Pull out of the pits, and it's all uphill from here--almost for a quarter-mile. Then COTA begins its amusement-park tilt-a-whirl. It banks left and dives down, and already the speedometer is pulling toward triple digits. Wait, is this Sport or Sport+? The M buttons will know, but that tap needs to be simple, and quick.
The M6 builds speed in gulping leaps. Alternating cars, we still prefer the dual-clutch gearbox, but the M6's manual closes the gap--if only because rev-matching removes a layer of possible stupidity from the complex set of variables negotiated at every corner.
Slither through the first sequence of esses, and it's clear: BMW's gotten better at synthesizing more natural driving responses out of its electronically controlled systems. The steering's more progressive as sport modes taper off the assist in Sports Plus. Stability control and the active differential clip the overages neatly, confidently, with the tires communicating all over COTA's broadest corners. This is a big boy--the track and the Gran Coupe--and the plush curb weight wrings as much noise as it does grip out of the treads.
It doesn't steal the zeal from the M6 Gran Coupe here, though. A mountain road kinked with hairpin after hairpin would make it seem clumsy with size--but here, the M6 just hoovers up long lays of pavement, without the frantic steering and jittery throttle responses of the last-generation M6. Fifteen laps later--50 miles of COTA--the only thing lacking is hydration. Two hours under the sun and under a helmet, and we're toast.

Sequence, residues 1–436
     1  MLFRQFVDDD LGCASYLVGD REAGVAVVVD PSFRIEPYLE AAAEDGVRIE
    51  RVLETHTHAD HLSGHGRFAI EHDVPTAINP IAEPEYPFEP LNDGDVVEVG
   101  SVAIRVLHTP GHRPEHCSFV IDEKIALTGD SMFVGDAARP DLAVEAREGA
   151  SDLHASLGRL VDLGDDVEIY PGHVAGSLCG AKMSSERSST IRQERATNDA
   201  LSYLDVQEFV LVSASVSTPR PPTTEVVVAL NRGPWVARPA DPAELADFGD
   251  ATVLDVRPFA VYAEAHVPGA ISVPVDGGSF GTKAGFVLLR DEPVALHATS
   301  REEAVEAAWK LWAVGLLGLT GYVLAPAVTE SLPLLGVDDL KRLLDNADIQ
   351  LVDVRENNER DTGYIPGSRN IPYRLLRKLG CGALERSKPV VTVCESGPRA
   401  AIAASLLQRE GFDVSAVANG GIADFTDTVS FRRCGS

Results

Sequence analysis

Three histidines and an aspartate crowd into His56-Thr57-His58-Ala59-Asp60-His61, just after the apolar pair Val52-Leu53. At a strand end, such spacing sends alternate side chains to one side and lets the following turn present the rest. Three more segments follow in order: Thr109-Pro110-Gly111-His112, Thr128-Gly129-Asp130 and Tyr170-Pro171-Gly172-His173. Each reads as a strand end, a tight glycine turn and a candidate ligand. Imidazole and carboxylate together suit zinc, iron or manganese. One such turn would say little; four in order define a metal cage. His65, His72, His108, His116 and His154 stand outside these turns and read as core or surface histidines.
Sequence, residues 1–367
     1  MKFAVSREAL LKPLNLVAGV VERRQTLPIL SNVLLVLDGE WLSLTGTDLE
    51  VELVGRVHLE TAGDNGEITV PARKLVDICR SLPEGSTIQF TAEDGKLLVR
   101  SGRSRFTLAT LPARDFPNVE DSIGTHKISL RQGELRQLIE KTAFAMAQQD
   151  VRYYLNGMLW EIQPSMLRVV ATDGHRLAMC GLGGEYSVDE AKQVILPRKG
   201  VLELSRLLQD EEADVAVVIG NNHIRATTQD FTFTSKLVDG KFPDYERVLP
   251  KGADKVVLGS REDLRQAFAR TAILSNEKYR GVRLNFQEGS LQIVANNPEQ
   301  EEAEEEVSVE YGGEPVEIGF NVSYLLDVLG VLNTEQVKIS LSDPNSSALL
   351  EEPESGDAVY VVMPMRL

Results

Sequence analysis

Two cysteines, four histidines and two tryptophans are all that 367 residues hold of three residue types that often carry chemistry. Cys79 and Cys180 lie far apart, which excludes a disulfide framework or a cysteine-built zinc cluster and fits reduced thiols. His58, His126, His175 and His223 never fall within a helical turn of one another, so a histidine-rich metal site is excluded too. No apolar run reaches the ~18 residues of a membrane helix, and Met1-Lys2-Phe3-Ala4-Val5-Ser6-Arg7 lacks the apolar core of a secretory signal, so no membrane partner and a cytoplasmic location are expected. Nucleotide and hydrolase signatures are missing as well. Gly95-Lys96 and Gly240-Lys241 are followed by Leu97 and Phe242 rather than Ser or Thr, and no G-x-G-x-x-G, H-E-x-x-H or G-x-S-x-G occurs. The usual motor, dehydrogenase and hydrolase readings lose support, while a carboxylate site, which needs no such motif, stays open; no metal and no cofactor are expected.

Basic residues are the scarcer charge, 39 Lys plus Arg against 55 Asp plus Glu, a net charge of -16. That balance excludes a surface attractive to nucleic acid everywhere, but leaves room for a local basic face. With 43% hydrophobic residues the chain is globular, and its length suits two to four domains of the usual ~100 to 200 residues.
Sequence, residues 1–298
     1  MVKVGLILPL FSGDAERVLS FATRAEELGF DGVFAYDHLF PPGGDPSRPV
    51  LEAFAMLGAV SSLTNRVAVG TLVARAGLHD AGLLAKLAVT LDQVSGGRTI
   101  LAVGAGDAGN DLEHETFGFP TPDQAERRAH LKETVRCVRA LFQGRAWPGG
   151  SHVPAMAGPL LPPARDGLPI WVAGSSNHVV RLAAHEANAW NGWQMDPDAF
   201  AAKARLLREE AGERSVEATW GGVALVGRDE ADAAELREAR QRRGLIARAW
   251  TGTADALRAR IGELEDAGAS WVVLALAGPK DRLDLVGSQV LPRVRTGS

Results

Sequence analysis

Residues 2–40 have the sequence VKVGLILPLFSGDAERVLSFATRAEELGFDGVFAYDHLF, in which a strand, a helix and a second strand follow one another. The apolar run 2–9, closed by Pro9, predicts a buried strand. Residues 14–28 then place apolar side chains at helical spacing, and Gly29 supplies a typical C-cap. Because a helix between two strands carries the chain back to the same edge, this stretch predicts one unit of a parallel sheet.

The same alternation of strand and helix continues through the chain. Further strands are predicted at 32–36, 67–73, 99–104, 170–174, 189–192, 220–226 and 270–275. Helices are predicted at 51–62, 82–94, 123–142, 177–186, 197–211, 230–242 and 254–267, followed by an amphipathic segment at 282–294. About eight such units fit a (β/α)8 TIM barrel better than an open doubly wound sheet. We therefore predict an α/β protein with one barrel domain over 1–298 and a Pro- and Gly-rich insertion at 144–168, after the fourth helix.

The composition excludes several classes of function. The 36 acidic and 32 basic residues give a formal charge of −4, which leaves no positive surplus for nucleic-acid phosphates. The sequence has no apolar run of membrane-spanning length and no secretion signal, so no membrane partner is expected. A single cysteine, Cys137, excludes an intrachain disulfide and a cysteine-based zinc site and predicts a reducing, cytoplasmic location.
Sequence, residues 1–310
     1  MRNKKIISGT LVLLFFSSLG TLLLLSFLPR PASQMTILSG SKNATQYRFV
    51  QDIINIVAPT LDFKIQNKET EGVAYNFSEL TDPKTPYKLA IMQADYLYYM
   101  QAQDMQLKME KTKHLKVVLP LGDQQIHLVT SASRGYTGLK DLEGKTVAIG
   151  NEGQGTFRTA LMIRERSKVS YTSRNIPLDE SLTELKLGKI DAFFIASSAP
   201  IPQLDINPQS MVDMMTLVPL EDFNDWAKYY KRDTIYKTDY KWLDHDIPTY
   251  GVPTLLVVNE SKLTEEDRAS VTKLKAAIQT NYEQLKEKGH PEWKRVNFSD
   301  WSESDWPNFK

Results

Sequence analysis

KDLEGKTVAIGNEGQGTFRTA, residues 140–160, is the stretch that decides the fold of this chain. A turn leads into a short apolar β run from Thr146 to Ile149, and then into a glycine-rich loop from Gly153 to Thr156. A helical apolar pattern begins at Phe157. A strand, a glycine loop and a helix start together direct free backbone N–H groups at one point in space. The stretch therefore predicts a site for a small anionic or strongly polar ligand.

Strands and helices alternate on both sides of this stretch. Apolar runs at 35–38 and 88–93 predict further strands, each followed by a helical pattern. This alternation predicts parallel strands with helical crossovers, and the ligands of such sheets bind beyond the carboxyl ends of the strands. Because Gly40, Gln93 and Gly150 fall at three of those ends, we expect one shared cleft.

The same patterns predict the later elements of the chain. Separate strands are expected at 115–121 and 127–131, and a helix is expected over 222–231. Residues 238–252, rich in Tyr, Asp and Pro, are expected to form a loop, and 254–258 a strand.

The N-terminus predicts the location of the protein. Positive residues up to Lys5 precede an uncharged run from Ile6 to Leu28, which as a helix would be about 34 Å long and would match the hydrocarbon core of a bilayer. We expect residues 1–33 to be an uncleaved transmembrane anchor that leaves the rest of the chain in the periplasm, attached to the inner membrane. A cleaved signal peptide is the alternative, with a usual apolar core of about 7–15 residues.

As sound as it seems on the Circuit, the M6 Gran Coupe hasn't lost its discretion on the street. We head out for a short debriefing. Austin is ringed by hundreds of acres of suburban explosion, some of it unhappily perched on parched, droughted lakes. The roads are wracked with broken edges, and the M6 Gran Coupe doesn't penalize us for gawking. It's stiff down through Sport mode, but at least now the tire sidewalls swell outside those expensive rims--there's bound to be less damage than on BMW's early forays into low-profile tires.
It hasn't lost its beauty, either. The carbon-fiber roof and menacing LEDs and air intakes don't detract from the Gran Coupe's attenuated roofline, or its objectify-ready rear end. It still gives us the same pause that the CLS and A7 do. In this layer of the atmosphere, why do four conventional doors, unless you're being driven?
Trust us: the last thing you'll want to do with the M6 Gran Coupe is let someone else take the wheel.
For more, see The Car Connection's 2014 BMW 6-Series review.